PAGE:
Tree and Bonsai

Topics: Tree, Plant, Ficus Pages: 5 (1253 words) Published: September 12, 2013
Grow your own Bonsai TreeBonsai trees are small, yet enchanting. Learn how to grow one of these little wonders in your own home. Bonsai is an ancient Asian gardening art. It involves deliberately stunting the growth of a tree to obtain a miniature version, purely for aesthetic purposes. Besides being stunted, the tree may also be shaped to make it more visually appealing. Perfecting the art of growing bonsai trees usually requires years of practice. However, with a little effort and patience, you too can make your own beautiful little bonsai tree. All you need is to remember a few basic steps, and carry them out with the help of some garden implements. The Art of Bonsai 

Bonsai is assumed to have originated in China around the year 200 A.D. It is said to have been developed by the Chinese healers who had to transport medicinal herbs and plants over great distances to attend to people who were ill or injured. The healers had to make sure the plants stayed fresh and did not lose their potency. Since they could not transport large trees wherever they went, the healers began to devise ways to shrink the plants and still keep them healthy. 

Although deliberately shortening plants was initially done for practical purposes, this craft also began to be seen as a decorative art. Early attempts at making bonsai trees appear visually appealing, involved growing and twisting them into different shapes. Popular among these were those that resembled animals or mystical symbols. The art of developing bonsai trees grew immensely when it was exported to Japan in 800 A.D. The Japanese focused on growing bonsai trees for landscaping purposes and this style of growingbonsai trees is what is prevalent even today. Preliminary Steps Involved 

As a beginner, it is best to obtain your cutting of the bonsai sapling from a nursery that stocks them. Select plants that are hardy, such as evergreen varieties or a species of bamboo. While choosing your sapling, opt for one with plenty of leaves and a sturdy trunk. You should also have some idea of what you want your plant to look like since you will have to mould it accordingly. 

Your plant will then have to be planted in a suitable pot. Select the pot keeping in mind that it should be able to hold enough soil to cover the roots of the plant. At the same time, the pot should not be too small or it will not be able to give the plant the support it needs.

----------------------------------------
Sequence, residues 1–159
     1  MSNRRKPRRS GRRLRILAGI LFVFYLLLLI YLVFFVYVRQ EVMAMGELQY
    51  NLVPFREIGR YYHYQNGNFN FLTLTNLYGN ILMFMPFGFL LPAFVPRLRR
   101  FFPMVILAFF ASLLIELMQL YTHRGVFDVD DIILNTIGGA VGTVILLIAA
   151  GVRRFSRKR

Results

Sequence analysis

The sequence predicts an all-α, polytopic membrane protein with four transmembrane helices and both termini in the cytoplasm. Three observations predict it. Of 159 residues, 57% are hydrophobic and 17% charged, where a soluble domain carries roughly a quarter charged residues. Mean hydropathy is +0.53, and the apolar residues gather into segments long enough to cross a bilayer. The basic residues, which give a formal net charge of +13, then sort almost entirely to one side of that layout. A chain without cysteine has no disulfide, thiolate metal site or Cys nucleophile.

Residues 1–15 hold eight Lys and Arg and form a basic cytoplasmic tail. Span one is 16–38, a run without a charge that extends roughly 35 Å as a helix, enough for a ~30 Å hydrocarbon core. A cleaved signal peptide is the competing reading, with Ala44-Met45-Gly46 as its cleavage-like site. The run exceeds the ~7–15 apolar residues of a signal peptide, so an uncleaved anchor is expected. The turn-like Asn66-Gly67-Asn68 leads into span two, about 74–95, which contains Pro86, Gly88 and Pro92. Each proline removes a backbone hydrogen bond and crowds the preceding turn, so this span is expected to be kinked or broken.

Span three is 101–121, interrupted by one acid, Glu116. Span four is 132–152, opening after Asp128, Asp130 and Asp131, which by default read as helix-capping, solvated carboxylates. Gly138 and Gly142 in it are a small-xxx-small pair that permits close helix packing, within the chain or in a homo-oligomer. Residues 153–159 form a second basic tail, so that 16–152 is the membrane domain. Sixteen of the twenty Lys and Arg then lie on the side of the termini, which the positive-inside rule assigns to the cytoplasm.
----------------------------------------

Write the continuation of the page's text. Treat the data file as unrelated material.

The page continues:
The key to keeping your tree small as it grows is to prevent its roots from growing too long. Before you plant your sapling in its pot, cut away one third of the roots beginning from the ends that are farthest from the stem. Focus especially on trimming the thicker roots. You will also have to trim the fine feeder roots slightly. Feeder roots are slender roots that grow close to the surface of the soil. These are the roots that are going to provide your tree with most of its nourishment. 

Besides trimming the roots, your plant will also have to be pruned in order for it to be prepared to assume the desired shape. You can do this with a pair of pruning shears, and use a picture as a reference point for making the required changes. Ideally, your tree should have three well-defined sections. The lowest section will be the tree trunk, and hence, should be free of any branches. The middle section should have a few branches that extend in all directions. The top section should have many short branches and should also have a defined apex portion that resembles the pinnacle. 

Once the pruning adjustments have been made, your sapling is ready to be potted. Place your sapling in a small pot with some soil and make sure the roots are covered completely. You can use basic potting soil to do this although bonsai dirt is preferable due to its better drainage properties. Bonsai dirt is nothing but a mixture of two parts each of granite grit and peat moss, with one part of loamy soil. Maintaining your Bonsai 

A bonsai needs to be 'trained' so...
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